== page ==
RealNews

Hill's 9/11 Probe Finds Multiple Failures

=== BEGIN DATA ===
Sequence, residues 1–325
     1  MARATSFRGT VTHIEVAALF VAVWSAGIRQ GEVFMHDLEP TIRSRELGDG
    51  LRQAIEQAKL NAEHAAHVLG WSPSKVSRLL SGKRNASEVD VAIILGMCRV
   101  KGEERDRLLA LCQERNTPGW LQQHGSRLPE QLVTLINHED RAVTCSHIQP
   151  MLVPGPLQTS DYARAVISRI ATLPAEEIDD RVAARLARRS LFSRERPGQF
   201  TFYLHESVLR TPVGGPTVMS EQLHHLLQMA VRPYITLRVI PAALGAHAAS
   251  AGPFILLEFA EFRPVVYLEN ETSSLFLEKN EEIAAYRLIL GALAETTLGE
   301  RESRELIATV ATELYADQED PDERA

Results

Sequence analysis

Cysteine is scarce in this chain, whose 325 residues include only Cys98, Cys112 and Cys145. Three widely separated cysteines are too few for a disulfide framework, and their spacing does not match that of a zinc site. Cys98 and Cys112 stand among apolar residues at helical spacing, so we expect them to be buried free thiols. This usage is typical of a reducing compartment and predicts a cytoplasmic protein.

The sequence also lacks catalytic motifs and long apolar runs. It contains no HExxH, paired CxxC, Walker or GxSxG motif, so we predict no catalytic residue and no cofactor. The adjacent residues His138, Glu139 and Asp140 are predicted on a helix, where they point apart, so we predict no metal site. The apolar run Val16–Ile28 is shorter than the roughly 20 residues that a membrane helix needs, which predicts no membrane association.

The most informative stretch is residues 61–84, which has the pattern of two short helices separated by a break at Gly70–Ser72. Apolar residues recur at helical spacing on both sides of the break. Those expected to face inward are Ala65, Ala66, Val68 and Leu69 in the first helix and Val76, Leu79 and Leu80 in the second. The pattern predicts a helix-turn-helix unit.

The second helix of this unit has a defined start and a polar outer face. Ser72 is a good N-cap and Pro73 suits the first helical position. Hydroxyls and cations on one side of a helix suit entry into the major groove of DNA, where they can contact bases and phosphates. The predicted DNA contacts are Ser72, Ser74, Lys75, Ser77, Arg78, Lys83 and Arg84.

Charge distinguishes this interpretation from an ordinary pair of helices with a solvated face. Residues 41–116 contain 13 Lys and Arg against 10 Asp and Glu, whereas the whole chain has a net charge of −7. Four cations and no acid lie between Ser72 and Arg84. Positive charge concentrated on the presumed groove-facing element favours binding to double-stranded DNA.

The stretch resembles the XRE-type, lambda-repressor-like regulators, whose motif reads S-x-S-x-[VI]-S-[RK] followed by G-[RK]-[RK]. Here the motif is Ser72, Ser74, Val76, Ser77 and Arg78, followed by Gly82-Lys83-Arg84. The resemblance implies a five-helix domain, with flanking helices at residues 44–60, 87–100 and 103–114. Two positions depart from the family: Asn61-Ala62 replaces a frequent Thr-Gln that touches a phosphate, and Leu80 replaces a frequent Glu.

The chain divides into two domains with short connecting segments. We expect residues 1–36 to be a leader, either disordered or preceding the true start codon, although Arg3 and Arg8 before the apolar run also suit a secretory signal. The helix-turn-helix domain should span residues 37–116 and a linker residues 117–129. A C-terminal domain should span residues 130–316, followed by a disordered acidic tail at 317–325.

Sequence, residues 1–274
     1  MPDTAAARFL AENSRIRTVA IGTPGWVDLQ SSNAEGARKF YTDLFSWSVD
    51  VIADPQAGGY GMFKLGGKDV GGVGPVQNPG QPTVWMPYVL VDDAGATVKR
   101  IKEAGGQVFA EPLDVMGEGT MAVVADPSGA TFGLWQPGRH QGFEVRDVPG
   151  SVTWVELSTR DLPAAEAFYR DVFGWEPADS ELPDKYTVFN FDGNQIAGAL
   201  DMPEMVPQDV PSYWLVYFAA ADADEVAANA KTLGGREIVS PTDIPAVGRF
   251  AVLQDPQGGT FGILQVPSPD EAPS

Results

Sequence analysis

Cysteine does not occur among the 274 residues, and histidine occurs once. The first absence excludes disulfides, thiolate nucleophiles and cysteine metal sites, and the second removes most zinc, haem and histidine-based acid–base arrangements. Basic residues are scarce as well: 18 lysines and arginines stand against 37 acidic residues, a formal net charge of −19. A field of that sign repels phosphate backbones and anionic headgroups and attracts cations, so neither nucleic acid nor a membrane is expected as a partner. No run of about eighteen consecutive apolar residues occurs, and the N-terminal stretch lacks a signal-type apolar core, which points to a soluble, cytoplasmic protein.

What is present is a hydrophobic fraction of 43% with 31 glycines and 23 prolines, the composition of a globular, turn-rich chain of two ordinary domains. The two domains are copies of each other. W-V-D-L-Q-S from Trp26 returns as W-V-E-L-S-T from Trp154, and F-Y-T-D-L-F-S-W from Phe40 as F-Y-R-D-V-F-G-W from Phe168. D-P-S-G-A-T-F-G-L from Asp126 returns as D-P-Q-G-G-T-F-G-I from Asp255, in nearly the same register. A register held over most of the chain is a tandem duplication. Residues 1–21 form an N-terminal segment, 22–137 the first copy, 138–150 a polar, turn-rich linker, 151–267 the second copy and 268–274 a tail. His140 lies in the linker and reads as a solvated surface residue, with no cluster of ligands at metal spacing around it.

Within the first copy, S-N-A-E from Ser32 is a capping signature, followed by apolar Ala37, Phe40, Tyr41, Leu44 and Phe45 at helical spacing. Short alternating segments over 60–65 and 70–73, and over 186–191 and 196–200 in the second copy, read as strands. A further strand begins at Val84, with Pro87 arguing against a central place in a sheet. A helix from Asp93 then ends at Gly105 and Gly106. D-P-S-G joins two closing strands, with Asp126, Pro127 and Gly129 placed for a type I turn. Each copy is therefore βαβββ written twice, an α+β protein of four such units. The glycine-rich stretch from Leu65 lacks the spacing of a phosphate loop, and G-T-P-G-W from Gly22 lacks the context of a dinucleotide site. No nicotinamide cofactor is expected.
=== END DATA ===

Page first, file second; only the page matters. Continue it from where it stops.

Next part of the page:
In the months leading up to Sept. 11, 2001, the al Qaeda hijackers were not living isolated lives in the United States, as authorities have asserted. Instead, conspirators were in contact with as many as 14 people who had turned up in previous FBI counterterrorism investigations — at least four of whom were under active FBI investigation — according to a partially declassified investigation by the joint Congressional Committee on Intelligence released yesterday. The U.S. intelligence community “failed to fully capitalize” on information that might have allowed agents to unravel the hijack plot, the joint committee concluded, and bungled clues that should have led the FBI to two or more of the terrorists before they could act. The joint committee’s report represents the fullest examination so far of the U.S. response to the growing threat from the violent Islamic fundamentalists gathered under the al Qaeda umbrella of multimillionaire Osama bin Laden. Based on an examination of more than 500,000 documents and testimony at nine public hearings and 13 closed sessions last year, the report paints a picture of a poorly organized, understaffed and sometimes half-hearted effort, in agencies across the government, that missed the warning signs and failed to add up the clues. Full Story

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